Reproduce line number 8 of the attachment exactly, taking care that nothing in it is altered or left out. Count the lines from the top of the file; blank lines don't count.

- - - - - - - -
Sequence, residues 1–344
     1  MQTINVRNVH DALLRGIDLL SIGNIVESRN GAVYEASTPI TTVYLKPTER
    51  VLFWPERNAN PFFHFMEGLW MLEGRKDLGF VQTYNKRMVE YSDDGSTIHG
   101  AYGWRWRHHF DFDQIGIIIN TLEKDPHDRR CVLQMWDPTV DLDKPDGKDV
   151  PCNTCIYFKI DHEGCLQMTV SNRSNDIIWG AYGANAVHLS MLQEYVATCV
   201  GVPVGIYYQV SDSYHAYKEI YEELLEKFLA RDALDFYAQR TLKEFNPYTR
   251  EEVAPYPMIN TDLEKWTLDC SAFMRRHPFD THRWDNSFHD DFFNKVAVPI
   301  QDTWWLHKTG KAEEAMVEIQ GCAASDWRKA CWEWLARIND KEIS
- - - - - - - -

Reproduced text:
   301  QDTWWLHKTG KAEEAMVEIQ GCAASDWRKA CWEWLARIND KEIS